Arco to Give Employees 5% Bonuses for Christmas
About 19,000 Atlantic Richfield Co. employees will have an especially merry Christmas this year, in the form of a 5% bonus announced Wednesday by Chairman Lodwrick M. Cook.
In “special recognition” of the employees’ contributions during the last five years of restructuring, Cook told employees to expect an extra check in their Christmas stockings, effective Monday.
“Arco employees can take great pride in the way they have responded to this challenge and in their contributions to the company’s sustained superior performance over this period,” Cook said in a memo to employees distributed Wednesday.
The bonuses amount to 5% of the annualized base income for all of Arco’s regular full-time employees as of last Monday, excluding some senior managers and chemical company workers.
Arco spokesman Albert Greenstein declined to say how much money Arco would spend to supply the bonuses, but observers note it will be in the tens of millions of dollars.
Analysts said Arco’s move was unusual among oil companies.
And at least one vocal oil industry critic was outraged that Arco was giving out bonuses while gasoline prices remain near record levels.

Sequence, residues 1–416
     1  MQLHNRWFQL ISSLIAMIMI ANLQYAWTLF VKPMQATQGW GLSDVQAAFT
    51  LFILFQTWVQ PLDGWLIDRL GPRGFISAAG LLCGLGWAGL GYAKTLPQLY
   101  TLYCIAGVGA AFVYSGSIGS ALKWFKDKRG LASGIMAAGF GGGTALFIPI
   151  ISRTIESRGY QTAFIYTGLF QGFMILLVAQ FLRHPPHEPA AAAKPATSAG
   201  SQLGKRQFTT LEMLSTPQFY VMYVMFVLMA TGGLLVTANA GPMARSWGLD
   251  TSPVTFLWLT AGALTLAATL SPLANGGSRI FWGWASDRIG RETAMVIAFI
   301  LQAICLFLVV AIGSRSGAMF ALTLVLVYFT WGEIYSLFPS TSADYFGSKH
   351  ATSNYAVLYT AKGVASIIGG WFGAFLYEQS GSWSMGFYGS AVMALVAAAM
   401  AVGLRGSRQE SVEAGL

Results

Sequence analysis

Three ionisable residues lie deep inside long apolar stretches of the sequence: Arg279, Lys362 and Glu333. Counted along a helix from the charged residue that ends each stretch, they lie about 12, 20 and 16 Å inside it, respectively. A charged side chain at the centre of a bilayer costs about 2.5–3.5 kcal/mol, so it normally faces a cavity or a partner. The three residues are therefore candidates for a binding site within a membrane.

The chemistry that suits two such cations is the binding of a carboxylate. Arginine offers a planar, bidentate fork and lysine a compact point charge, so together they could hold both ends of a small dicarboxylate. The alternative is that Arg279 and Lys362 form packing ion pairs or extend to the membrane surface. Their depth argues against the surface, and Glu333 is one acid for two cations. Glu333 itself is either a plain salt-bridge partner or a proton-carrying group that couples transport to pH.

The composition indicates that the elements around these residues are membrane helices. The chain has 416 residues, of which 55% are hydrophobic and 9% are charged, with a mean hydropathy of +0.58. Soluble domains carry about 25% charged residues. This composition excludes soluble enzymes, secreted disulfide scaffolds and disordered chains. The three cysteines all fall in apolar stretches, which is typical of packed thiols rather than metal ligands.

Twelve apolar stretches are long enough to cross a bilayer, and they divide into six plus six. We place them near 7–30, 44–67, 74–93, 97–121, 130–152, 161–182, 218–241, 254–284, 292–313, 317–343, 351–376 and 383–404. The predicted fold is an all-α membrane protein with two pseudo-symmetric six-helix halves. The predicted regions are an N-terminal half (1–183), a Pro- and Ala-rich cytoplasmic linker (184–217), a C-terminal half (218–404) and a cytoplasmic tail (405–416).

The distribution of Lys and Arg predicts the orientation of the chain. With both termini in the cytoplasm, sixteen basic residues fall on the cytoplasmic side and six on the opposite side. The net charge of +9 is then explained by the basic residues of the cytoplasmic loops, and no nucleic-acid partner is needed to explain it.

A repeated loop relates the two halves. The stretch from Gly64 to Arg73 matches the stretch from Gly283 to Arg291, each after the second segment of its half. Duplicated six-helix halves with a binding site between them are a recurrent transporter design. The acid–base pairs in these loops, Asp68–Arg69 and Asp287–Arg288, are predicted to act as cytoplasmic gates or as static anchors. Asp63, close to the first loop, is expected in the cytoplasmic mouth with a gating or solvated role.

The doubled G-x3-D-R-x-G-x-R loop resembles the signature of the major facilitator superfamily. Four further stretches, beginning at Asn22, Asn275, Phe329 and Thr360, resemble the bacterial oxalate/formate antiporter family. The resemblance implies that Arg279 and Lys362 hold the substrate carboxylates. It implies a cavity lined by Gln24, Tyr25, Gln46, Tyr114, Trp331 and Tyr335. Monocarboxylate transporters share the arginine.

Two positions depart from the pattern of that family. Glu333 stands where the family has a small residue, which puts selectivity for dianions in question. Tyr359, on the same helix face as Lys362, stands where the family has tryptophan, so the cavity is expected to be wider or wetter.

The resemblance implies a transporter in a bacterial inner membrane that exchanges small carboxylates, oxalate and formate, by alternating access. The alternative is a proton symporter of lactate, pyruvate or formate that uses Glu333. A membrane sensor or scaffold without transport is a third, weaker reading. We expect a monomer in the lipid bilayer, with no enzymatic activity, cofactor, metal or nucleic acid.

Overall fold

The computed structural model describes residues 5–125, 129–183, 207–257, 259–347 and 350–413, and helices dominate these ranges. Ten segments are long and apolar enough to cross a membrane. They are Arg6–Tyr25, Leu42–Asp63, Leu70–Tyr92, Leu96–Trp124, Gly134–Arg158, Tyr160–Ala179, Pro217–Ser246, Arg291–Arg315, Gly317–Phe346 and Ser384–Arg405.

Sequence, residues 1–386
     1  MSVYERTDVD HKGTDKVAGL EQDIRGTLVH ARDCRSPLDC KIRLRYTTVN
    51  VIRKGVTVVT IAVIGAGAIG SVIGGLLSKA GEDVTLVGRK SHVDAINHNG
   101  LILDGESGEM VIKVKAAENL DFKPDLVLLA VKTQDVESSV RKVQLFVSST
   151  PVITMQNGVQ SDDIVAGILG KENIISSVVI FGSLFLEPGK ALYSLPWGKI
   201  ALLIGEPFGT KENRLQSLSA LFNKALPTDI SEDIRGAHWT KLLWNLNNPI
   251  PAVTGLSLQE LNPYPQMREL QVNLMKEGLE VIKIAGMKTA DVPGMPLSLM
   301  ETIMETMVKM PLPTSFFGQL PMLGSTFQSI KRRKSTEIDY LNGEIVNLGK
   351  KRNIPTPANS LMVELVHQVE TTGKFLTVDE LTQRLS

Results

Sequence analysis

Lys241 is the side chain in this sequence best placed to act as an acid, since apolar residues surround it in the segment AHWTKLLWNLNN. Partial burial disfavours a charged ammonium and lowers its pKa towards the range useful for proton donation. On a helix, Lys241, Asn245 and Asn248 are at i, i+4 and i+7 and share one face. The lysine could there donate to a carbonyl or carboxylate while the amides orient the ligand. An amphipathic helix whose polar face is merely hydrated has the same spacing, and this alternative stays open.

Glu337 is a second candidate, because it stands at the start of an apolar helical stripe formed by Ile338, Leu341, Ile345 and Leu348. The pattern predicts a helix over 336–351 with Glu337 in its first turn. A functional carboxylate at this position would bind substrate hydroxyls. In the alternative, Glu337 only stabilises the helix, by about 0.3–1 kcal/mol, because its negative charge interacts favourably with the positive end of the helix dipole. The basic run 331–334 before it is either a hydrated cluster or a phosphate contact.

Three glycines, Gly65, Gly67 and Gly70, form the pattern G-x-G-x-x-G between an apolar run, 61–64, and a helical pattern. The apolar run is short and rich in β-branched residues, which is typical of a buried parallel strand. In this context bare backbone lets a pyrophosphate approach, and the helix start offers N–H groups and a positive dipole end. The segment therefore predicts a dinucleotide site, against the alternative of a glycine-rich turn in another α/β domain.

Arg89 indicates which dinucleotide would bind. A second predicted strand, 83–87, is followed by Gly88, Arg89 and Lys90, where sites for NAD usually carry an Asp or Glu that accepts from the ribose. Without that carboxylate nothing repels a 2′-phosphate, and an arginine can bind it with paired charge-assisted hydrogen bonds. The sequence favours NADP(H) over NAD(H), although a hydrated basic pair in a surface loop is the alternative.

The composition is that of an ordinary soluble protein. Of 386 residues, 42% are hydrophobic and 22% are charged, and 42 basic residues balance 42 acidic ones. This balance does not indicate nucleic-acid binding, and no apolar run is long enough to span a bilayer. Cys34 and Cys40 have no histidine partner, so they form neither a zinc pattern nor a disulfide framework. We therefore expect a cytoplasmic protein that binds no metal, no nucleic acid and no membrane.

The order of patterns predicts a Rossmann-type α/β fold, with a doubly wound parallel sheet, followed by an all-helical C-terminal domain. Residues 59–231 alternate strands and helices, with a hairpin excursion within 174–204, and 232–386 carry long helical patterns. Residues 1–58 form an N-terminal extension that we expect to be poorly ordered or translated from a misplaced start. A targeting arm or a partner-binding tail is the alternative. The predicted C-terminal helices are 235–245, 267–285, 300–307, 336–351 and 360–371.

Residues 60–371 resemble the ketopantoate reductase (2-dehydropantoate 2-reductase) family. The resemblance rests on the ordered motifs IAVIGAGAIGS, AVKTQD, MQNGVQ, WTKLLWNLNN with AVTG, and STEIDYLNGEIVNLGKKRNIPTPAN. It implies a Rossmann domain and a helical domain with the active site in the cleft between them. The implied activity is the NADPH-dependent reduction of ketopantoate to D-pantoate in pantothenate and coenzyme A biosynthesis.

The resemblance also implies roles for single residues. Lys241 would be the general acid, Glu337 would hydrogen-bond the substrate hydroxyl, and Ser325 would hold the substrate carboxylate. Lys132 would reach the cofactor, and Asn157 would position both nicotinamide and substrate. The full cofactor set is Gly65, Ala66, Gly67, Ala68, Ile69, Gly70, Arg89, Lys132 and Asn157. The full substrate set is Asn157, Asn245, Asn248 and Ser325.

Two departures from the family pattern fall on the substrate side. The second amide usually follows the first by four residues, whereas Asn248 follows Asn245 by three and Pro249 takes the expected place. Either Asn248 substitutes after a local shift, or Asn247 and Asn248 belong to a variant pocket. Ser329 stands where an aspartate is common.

“I think it says to the general public, ‘We’re doing so well by charging higher prices for gasoline that we’re going to convert it into higher bonuses for employees instead of keeping gasoline prices lower,’ ” said Ed Rothschild, energy policy director with the advocacy group Citizen Action in Washington.
Greenstein denied that the bonuses were related to any profit gained during the current Middle East crisis.
He added that Arco has already lowered gasoline prices an average of 3.5 cents a gallon since Dec. 1; lowering them any further would create a run on gasoline and create shortages similar to those Arco experienced when it held the line on price increases after Iraq invaded Kuwait on Aug. 2.
Even Rothschild admitted that Arco has kept its price increases below those of other major oil companies.
Analysts said that Arco’s financial performance was good even before the crisis began and that it had ample cash on hand to fund any bonuses.
“One could never say that Arco is gouging the public to benefit Arco employees,” said Bernard J. Picchi, an industry analyst with Salomon Bros. in New York.